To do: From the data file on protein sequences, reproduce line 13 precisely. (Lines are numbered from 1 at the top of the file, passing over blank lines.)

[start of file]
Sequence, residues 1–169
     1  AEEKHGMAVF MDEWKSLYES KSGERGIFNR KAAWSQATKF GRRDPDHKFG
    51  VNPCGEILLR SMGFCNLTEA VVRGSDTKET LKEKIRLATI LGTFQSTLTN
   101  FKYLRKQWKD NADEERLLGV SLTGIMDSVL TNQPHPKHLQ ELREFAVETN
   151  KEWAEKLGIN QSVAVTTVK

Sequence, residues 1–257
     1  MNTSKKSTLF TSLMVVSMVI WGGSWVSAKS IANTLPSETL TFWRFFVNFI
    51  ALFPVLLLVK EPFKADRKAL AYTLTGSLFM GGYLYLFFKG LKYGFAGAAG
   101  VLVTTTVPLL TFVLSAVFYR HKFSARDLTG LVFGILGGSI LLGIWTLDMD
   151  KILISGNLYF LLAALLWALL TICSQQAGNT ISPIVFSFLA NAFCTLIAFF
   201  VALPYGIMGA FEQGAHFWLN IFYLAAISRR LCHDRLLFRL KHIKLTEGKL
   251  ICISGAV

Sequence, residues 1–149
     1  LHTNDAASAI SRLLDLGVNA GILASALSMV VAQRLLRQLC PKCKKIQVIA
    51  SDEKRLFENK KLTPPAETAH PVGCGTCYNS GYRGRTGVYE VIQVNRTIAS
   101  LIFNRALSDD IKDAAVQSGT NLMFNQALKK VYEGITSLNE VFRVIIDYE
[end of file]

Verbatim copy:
Sequence, residues 1–149